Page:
AWS Reduces Some Instance Price by 25%
Starting next month, several instances of Amazon Elastic Compute Cloud will be 25 cents each.
Amazon Web Services (AWS), a subsidiary of Amazon, plans to reduce the prices for its C4, T4 and T2 instances starting Dec. 1. This was announced Monday by Jeff Barr, an AWS evangelist.
“We are reducing the On Demand, Reserved Instance (Standard or Convertible) as well as Dedicated Host prices of C4, M4, T2 instances by upto 25% depending on region (Linux/RHEL/SUSE, Windows, and so on). Barr stated that price cuts are applicable to all AWS Regions.
T2 instances, which AWS calls “Burstable Performance Instances”, are designed to provide a steady amount of computing power and the ability to “burst.” to higher processing capabilities. Barr stated that these instances will be 10 percent cheaper for AWS’ Northern Virginia region than they will for the Singapore region.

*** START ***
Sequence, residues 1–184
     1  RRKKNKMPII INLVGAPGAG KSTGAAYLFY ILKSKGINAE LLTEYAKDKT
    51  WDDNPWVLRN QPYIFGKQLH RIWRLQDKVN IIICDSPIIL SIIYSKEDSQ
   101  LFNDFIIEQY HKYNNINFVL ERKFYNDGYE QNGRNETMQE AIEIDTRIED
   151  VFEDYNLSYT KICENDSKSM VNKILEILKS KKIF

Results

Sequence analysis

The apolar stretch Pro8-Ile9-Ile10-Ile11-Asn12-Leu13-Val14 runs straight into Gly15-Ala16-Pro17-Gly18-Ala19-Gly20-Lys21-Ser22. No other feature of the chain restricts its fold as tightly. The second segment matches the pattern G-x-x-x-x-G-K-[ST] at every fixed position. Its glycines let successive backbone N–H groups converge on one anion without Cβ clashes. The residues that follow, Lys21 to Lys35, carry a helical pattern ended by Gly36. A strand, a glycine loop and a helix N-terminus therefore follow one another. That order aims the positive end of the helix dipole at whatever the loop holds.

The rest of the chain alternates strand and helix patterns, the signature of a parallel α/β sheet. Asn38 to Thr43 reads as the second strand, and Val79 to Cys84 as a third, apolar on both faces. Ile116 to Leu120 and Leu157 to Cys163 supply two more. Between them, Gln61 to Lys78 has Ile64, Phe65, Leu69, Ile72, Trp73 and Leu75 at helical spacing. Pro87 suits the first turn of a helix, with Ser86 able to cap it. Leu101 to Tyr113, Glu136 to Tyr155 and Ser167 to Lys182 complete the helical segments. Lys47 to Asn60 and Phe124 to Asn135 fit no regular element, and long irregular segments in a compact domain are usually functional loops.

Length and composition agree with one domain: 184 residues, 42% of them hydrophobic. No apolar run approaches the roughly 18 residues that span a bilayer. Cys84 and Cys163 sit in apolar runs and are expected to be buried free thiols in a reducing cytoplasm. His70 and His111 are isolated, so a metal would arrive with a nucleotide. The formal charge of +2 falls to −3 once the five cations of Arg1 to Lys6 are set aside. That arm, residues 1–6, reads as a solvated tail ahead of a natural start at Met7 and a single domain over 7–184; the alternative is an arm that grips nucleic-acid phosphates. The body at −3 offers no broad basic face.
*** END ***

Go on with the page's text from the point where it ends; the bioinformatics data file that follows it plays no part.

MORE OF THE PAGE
The M4 instances, which AWS considers general-purpose instances, will be cheaper for the Northern Virginia, Ireland, and Frankfurt regions, and 25% less for the Singapore region.
Finaly, the C4 instances that are compute optimized will see price drops of between 5 and 20 percent for the Northern Virginia and Ireland areas and between 20 and 25 percent for the Mumbai and Singapore regions.
Users will receive price reductions automatically starting Dec. 1, Barr stated.
Barr reports that this round of cuts is AWS’ 53rd, and comes despite signs that the price war between top cloud providers may be stabilizing. Tariff Consultancy Ltd. (TCL), reported earlier this year that “the price of the public cloud appears now to be relatively stable” and that “the cloud computing provider’s emphasis is now more on service innovation than price.”
Scott Guthrie, a top Microsoft cloud executive, said this recently at a technology conference. He stated that AWS and Microsoft are now competing more on value than price.
Microsoft did however lower the cost of some Azure instances by up to 50% less than a month following Guthrie’s announcement. Google announced shortly after that it would reduce some of its cloud storage costs up to 60%.